Tae Kwon Do - What is it?
Students and instructors alike experience many challenges throughout their Tae Kwon Do journey. Like all instructors, I have had my disappointments concerning students as well as joy at their achievements. At the end of the day it is the responsibility of the student to elevate himself/herself with the help of the instructor, in all aspects of Tae Kwon Do.
When people visit my club and want to join, it is an experience for everybody. On the one hand, the student is probably apprehensive about joining and sometimes if the warm-up is pretty rigorous, they might be a bit put-off. However, there are no shortcuts!! It is an achievement if eventually they decide to ‘have a go’. Yes, you have to put effort into the training but everybody is nurtured and taught good basics in the beginning, which is fundamental to Tae Kwon Do. In any new group of students, there will be a cross-section of men and women, some ‘raring to go’, others still not quite comfortable with their environment, they all want to feel part of the group. Children like to feel part of the group quickly and so playing games for the small kids is fun and helps them persevere.
My experiences in teaching in such transient environments as Brussels have been interesting in meeting new people who join the club, but in other ways it was frustrating when they move or stop after so much time has been spent not only in teaching the student but also integrating them into the club. I try to encourage students to realise this is their club, and they must help build it. It is not just about the training syllabus and moving up through the different levels.
Tae Kwon Do culture
A big challenge indeed in Brussels as it is in the UK and worldwide in today’s modern societies who are racing against time. I tried to create a community spirit in Brussels, amidst the cultural diversity, in being able to speak French and English, though it was an English-speaking club and everyone including myself was very busy. I used to arrange tournaments with Welsh, Irish and Dutch clubs and seminars were held in Holland for black belt dan grade holders every month, with a summer camp training at the end of June, followed by a black belt grading.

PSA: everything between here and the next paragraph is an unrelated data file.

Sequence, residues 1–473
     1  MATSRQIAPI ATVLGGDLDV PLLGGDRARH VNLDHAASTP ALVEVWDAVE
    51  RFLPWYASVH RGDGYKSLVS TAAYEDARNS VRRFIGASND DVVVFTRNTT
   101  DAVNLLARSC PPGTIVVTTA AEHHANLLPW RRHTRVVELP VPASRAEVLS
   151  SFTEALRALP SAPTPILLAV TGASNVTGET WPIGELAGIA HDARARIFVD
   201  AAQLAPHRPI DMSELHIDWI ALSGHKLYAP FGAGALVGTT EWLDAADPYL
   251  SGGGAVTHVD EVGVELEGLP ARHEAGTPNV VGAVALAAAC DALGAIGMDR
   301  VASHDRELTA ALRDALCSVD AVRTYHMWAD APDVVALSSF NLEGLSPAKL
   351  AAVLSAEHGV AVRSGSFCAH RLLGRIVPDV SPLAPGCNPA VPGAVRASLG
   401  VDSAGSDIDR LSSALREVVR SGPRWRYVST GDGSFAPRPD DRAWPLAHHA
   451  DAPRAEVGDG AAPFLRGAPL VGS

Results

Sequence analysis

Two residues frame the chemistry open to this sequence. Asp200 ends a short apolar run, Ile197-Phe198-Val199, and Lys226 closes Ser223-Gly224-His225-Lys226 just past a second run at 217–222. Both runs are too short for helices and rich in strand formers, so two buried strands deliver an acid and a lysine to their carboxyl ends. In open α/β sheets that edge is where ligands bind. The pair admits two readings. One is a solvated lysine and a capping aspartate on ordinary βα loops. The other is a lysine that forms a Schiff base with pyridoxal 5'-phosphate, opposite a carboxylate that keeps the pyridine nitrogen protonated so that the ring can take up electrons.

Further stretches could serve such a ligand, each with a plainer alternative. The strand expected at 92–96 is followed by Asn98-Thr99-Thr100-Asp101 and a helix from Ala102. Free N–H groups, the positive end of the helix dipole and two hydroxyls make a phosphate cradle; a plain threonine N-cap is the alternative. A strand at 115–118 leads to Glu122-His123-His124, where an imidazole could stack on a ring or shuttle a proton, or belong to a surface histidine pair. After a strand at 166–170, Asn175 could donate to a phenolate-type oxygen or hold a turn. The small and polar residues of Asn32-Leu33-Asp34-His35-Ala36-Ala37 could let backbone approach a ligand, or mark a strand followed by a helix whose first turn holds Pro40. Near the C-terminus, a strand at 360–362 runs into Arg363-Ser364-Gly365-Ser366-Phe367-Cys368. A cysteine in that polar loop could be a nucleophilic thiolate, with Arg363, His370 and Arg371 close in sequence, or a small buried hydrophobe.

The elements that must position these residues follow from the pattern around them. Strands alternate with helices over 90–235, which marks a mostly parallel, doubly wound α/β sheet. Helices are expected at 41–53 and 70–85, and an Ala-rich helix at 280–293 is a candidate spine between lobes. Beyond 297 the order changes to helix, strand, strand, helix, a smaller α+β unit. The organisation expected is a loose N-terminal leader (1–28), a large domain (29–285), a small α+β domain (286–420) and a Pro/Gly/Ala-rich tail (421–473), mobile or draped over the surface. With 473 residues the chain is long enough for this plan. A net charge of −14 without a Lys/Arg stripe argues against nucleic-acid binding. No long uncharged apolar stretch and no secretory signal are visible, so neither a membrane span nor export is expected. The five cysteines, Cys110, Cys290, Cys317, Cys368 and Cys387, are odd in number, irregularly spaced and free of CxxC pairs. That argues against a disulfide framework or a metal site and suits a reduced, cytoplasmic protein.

Another aspect of Clubs in general is the image of the club. What sets our club apart is our striving for a high standard of discipline and technical ability. Most clubs produce ‘fighters’ but not ‘martial artists’. What’s the difference ? ‘Fighters’ burn themselves out eventually, ‘martial artists’ go on forever. And that is not to say they are not also good fighters.
There are many women in the martial arts and Tae Kwon Do in particular in most of Europe and elsewhere that actually work their way up and often get the same respect as the men after much dedication, though the conditions for women are not as equal still today in 2014. My recent book which has been published gives a big insight into this. One of the things I like to see in a club is people working together as a team and our club does a lot of that. I also like to see them with clean, pressed doboks (training outfit) and a willingness to learn how to conduct themselves in Tae Kwon Do, in every respect.